The determinants of cost-effectiveness potential: an historical perspective on lipid-lowering therapies.
BACKGROUND: The concept of cost effectiveness emerged in an attempt to link the prices of new healthcare technologies to the immediate value they provide, with payers defining the acceptable cost per unit of incremental effect over the alternatives available. It has been suggested that such measures allow developers to assess potential market profitability in an early stage of development, but may result in discouraging investment in efficient research if not used appropriately.
OBJECTIVE: The objective of this study is to identify the pattern of the factors determining cost effectiveness and assess the evolution of cost-effectiveness potential for drugs in development using lipid-lowering therapy as a case study.
METHODS: The study is based on observational clinical and market data covering a 20-year period (from 1990 to 2010) in the UK. Real-life clinical data including total cholesterol laboratory test results were extracted from the Clinical Practice Research Datalink (CPRD) and are used to illustrate how the clinical effectiveness of existing standard care changed over time in patients managed in clinical practice. Prescription Cost Analysis (PCA) data were extracted and the average price of the drug mix used was computed throughout the study period. Using this information, the maximum clinical benefit and cost savings to be had were estimated for each year of the analysis using a cost-effectiveness model. Subsequently, the highest price a new technology providing the maximum clinical effectiveness possible (i.e. eliminating cardiovascular risk from high cholesterol levels) could achieve under current cost-effectiveness rules was calculated and used as a measure of the potential cost effectiveness of drugs in development.
RESULTS: The results in this study show that the total cholesterol values of patients managed in clinical practice moved steadily towards recommended clinical targets. Overall, the absolute potential for incremental health-related quality of life decreased by approximately 78 %, contracting from 0.36 QALYs to 0.08 QALYs, which resulted in a saving of approximately 15 % of the costs related to cardiovascular events.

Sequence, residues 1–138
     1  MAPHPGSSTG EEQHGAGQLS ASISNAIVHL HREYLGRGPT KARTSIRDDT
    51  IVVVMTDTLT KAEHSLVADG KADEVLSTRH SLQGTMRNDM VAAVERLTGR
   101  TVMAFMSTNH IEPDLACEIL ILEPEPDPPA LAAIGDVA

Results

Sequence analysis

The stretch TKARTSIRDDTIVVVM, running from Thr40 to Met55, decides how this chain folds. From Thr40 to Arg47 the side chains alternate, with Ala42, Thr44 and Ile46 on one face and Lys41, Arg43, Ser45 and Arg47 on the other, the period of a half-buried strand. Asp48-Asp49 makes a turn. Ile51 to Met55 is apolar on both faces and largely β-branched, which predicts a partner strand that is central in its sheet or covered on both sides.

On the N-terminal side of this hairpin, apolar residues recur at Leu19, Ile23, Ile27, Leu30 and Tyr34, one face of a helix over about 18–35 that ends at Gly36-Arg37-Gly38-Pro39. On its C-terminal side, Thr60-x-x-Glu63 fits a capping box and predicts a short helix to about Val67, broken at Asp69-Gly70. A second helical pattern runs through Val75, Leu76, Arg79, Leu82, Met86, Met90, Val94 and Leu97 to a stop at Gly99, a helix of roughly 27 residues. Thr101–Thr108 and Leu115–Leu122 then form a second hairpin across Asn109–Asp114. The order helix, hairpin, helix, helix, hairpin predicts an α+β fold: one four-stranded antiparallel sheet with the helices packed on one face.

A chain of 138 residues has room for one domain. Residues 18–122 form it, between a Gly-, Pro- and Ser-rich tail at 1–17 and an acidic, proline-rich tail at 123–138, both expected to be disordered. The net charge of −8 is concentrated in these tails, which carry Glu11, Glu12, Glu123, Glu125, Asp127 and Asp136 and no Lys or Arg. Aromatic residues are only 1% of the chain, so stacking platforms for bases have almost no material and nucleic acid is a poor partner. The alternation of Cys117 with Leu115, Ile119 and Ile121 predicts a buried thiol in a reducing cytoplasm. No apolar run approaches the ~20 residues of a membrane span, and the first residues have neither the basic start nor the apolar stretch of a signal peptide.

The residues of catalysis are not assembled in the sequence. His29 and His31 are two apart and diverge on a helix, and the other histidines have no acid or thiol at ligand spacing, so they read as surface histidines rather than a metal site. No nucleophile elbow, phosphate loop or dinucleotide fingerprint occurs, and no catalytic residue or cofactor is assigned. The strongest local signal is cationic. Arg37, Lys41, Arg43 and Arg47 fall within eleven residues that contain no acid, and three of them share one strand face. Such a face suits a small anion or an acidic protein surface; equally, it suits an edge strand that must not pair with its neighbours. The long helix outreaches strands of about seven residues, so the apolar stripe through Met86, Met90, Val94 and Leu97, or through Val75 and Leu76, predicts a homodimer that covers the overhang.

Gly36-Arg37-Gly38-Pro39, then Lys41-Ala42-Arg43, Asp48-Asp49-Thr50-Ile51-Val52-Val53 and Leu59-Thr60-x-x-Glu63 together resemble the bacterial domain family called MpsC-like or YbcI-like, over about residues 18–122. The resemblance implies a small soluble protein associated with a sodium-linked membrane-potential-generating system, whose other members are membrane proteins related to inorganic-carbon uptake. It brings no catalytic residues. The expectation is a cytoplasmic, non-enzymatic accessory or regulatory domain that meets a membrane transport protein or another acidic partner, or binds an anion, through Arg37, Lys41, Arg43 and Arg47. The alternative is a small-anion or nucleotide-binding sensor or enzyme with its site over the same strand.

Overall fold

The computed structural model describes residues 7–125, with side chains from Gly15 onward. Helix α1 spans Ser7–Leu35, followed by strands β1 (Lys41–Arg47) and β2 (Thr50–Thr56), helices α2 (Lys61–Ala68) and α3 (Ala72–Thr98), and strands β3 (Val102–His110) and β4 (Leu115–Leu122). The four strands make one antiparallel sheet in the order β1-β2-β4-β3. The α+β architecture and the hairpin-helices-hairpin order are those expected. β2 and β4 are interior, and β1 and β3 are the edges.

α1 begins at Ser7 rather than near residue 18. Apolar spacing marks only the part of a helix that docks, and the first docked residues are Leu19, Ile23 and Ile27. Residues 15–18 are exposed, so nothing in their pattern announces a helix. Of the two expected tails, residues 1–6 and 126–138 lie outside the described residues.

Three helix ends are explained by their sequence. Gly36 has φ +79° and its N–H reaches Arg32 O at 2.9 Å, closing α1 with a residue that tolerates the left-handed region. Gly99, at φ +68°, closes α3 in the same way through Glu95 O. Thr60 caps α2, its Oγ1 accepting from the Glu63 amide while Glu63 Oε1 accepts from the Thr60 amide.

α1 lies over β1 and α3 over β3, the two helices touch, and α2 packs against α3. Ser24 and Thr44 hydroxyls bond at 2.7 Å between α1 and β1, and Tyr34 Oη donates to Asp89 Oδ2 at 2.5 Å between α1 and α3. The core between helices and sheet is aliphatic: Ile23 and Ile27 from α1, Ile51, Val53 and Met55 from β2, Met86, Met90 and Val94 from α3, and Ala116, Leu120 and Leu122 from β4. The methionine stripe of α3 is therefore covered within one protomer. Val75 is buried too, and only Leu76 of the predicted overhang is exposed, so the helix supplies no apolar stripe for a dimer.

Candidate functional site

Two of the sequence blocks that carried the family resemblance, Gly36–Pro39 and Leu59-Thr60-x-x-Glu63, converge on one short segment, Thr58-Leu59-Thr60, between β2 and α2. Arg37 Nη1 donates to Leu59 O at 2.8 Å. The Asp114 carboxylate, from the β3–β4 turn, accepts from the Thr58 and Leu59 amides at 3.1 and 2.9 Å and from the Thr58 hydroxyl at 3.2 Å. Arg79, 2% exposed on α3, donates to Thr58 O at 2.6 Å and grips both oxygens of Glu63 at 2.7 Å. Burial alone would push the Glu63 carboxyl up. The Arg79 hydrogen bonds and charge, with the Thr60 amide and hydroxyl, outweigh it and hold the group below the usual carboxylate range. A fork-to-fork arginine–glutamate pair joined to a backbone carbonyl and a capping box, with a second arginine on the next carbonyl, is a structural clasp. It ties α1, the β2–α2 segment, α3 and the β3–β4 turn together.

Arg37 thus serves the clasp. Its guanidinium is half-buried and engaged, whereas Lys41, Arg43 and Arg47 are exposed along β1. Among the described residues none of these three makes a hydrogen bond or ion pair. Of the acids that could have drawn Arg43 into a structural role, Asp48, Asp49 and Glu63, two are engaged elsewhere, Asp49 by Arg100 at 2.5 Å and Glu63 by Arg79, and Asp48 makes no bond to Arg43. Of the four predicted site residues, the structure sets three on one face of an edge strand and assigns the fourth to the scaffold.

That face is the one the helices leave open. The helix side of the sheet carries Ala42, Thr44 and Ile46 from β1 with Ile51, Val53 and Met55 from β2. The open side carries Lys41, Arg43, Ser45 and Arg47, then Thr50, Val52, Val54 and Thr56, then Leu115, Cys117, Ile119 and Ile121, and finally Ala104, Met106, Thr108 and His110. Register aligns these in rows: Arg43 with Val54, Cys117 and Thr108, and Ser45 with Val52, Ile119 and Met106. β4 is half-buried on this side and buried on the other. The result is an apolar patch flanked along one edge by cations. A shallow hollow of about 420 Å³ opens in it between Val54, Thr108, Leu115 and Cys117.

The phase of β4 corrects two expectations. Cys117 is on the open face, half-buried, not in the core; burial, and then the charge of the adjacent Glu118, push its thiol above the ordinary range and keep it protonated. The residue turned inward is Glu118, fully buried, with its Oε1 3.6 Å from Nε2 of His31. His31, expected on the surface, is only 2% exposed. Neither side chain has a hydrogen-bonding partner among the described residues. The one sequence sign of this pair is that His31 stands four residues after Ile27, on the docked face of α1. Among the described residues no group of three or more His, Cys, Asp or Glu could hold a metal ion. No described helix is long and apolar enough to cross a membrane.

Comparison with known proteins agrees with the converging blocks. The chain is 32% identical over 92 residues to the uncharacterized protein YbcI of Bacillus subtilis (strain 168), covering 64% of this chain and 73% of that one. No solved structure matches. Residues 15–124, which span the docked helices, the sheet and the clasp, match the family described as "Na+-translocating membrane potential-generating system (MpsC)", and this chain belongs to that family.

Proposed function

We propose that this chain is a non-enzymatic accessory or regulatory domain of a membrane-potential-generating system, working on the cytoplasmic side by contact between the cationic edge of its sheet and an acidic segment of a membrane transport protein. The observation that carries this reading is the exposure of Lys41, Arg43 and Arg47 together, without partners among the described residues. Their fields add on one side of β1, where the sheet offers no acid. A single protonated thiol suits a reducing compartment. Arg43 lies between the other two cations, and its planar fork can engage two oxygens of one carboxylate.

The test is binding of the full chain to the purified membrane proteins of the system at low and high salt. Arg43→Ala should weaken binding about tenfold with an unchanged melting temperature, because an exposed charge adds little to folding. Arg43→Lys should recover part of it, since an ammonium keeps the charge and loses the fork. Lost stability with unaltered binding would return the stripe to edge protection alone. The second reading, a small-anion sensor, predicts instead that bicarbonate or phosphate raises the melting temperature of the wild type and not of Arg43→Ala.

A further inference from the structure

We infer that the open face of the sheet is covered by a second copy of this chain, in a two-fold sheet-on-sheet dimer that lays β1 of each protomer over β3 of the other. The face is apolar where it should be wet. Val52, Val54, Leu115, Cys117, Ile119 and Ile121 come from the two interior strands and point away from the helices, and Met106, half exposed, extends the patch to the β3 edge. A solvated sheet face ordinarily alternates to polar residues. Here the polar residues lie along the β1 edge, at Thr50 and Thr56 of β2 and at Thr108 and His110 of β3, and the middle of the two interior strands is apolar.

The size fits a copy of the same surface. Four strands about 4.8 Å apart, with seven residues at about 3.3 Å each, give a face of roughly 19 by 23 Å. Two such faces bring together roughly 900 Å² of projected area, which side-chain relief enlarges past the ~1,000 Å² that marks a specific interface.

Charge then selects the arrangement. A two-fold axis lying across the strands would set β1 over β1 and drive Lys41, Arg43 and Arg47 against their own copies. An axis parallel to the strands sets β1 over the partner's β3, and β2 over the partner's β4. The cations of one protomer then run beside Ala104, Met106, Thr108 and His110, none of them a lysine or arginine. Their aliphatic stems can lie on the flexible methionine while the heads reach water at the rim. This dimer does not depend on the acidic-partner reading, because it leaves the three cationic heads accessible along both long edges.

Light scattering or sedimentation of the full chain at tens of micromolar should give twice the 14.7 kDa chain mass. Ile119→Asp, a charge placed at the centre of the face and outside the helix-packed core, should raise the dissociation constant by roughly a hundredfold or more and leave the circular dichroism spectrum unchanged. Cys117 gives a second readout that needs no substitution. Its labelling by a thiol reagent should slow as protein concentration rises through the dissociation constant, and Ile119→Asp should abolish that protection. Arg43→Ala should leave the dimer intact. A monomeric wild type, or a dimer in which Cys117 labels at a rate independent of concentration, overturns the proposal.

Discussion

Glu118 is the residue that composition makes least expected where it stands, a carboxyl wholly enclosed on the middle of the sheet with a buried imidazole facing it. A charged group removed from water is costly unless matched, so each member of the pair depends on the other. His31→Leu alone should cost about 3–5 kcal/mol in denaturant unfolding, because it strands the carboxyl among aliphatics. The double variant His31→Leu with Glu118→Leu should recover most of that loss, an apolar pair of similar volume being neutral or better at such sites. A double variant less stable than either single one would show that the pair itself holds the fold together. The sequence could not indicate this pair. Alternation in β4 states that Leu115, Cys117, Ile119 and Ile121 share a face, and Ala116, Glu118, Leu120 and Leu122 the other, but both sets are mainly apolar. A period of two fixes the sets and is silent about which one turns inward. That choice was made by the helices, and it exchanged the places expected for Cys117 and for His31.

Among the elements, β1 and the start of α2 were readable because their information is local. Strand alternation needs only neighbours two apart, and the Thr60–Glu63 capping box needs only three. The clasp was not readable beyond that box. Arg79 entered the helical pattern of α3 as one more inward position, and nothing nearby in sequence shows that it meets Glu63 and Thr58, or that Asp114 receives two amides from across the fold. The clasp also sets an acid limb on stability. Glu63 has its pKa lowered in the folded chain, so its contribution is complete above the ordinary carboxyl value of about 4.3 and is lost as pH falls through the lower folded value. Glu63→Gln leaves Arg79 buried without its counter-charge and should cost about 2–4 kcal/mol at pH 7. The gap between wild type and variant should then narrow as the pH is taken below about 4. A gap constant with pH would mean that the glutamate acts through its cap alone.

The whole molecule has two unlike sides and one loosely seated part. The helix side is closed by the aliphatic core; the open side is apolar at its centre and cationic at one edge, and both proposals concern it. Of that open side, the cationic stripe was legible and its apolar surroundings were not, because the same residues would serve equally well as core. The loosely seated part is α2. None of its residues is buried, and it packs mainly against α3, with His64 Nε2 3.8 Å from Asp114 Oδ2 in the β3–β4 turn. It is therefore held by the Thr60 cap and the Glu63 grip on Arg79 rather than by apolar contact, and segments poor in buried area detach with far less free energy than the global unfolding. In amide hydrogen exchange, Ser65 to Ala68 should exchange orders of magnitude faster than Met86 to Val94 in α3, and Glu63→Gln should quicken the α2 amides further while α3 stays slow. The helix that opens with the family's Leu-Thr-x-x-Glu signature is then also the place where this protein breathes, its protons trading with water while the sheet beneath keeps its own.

The price of the drug mix used in the management of high blood cholesterol varied considerably across the years: the weighted average monthly price (in year 2007 values) started at approximately pound14, peaked around pound26 and progressively decreased to its minimum at pound6.85 in 2010. As a consequence, the maximum price allowed by current cost-effectiveness rules for a new technology achieving the clinical target was found to decrease by a minimum of 80 % between 1990 and 2010.
CONCLUSION: The analysis supports the hypothesis that the potential for cost effectiveness of new therapies is dependent on factors specific to each disease area and furthermore to sub-populations within disease areas. Despite a clinical need still existing, the results suggest that no more technologies are likely to be developed in certain disease areas based on their low perceived cost-effectiveness potential. This occurs without considering the immediate and future value of the effectiveness lost, which may depend on the technical difficulty of materializing future advancements, and ignores the permanent character of such a decision. The analysis suggests that a single, static and arbitrary cost-effectiveness threshold may not be sufficient to capture the drug-development dynamics occurring at the disease level and successfully direct research to the disease areas that are most valued by society.
|投稿者||Refoios Camejo, Rodrigo; McGrath, Clare; Miraldo, Marisa; Rutten, Frans|
|組織名||Institute of Health Policy & Management, Erasmus Medical Centre, Erasmus;University, P.O. Box 1738, 3000 DR, Rotterdam, The Netherlands.;firstname.lastname@example.org|